People are staying for longer. In 2019, 14% of Airbnb bookings were for 28 days or longer. That figure is now up to 24%. People are not just travelling to Airbnbs they are living in them. Airbnb helps people who want to experience an area but don’t want to commit long-term. It’s popular among freelance workers and people who are in between homes. This is not good for traditional hotels or resorts.
People are travelling everywhere. According to Airbnb, people are no longer traveling to the same 20 or 30 cities. They are getting in cars and traveling to small towns and rural communities, many of which don’t even have a hotel. Some of this may subside as the pandemic diminishes but Airbnb is able to benefit from both rural and urban travel.
As can be seen, Airbnb is perfectly placed to benefit from these secular trends while traditional hotel companies are in a much weaker position. Flexible working, nomadic lifestyle, and financial independence are all trends that play to Airbnb’s strengths.
24% of our nights booked in Q1 were for stays of 28 nights or longer. People are not just traveling in Airbnb, they're now living on Airbnb. And these trends are not going away. The world is never going back to the way it was, and that means that travel is never going back to the way it was either. Our single priority in 2021 is to prepare for the coming travel rebound. To do this, we're professing the end-to-end experience of our core service. This includes educating the world about hosting, recruiting more hosts, simplifying the guest experience, and delivering a world-class service.
~ Brian Chesky, Airbnb CEO
As I’ve mentioned in previous reports, there are some things I look for when assessing competitive advantage; brand, economies of scale, monopoly, network effect, franchise product, addictive product, patents and superior customer service. I like to call these things pillars. The more pillars a company has the better.
In my view, Airbnb possesses at least two of these key pillars.
Airbnb has a powerful brand that is popular among millennials and older generations alike. The term Airbnb has made its way into the lexicon of everyday language. People use phrases like ‘let’s Airbnb it’ or ‘let’s get an Airbnb’. This speaks volumes for the Airbnb brand and the space it occupies in people’s minds.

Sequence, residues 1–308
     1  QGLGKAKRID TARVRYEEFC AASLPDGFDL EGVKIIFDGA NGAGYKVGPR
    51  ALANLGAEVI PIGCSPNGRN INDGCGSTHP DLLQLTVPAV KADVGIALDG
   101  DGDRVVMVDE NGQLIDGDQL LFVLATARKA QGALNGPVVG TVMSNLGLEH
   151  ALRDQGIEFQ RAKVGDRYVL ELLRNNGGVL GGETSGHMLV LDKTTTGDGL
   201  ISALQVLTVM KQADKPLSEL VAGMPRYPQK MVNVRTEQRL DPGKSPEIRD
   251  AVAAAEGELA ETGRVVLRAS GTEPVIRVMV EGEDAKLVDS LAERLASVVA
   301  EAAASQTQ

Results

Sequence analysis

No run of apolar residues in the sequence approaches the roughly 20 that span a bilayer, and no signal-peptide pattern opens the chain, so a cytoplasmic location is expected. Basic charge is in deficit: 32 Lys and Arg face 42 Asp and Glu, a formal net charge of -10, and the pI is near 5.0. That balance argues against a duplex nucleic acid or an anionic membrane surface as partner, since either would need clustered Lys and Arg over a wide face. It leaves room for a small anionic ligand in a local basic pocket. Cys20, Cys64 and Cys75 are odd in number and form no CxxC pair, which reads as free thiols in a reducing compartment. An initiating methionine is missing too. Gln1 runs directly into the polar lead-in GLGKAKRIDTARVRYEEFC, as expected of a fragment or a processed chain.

2. Network Effect
Airbnb also has powerful network effects. The more people that join Airbnb, the stronger the platform becomes and the more revenue the company is able to bring in. To drive revenue, Airbnb simply needs to sign up new hosts.
24% of new hosts in 2020 were former guests which emphasises the feedback loop of the Airbnb business model. Because existing customer also become hosts, Airbnb can spend less on advertising than traditional travel companies.
Astonishingly, 90% of Airbnb web traffic comes from unpaid or direct methods. Instead of searching Google and being bombarded with ads, users more often go to Airbnb and see what’s available.
Meanwhile, traditional hotels and online booking sites must rely on expensive online advertising campaigns that are fiercely competitive.
Airbnb has quickly become the go-to platform for finding unique accommodation and has grown massively since its beginnings in 2009. From 2009 - 2019 Airbnb’s compounded growth rate was 153% according to Stratosjets.
Growth has naturally slowed since then but was still in the 30-40% range before the pandemic hit.
The next table shows how booking numbers have started to rebound in 2021. You can see that while the company is currently loss making it did bring home $500M in positive EBITDA in 2019.
With $6.57 billion of cash and $2.46 billion of debt, Airbnb trades at an enterprise value of $77 billion which gives it an enterprise value to revenue ratio of 22.7. This is based on a current share price of $143.
If we look at 2019 figures which do not show the affect of the pandemic then Airbnb currently trades at 16 times 2019 revenue. For comparison, Expedia trades at 2.7 times 2019 revenues, Booking 6.3 times and Hilton 11.7 times.
Although Airbnb has the most expensive multiple it also has the highest growth rates and profit margins by some way.
Airbnb stands out for its growth rates and positioning for the future of travel. At 2.7 times 2019 revenue, Expedia also looks worth investigating.
Back Of The Envelope Calculation
If we assume that Airbnb is able to grow revenues at 20% for the next 10 years from this level and then trade at a similar multiple of 20 times revenue, then we can expect Airbnb stock to be worth around $421 billion in 2031. This translates to a compound annual growth rate in the region of 18%.
For what it’s worth I believe Airbnb will grow faster than 20%, particularly over the next few years due to the pent-up demand for travel caused by the pandemic. Airbnb bookings are already up 50% from the year prior and bookings have already been accelerating in recent months.
The following chart shows how revenue dipped less for Airbnb than its peers. Airbnb’s revenues dropped around -29% during the pandemic while Expedia’s revenues dropped -57%.
With a hefty EBIT margin of 98% and faster growth rates Airbnb is likely to command a high premium if it continues on its current trajectory.
It’s impossible to put a precise valuation on the company’s shares but $77 billion for a company with this much potential is reasonable.
In a world where Netflix is worth $225 billion and Facebook is worth $950 billion, I see Airbnb at least doubling from here.
No investment is without risk and it’s important to consider both sides of any trade. From what I can gather the main risk factors, aside from competition, can be summarised below: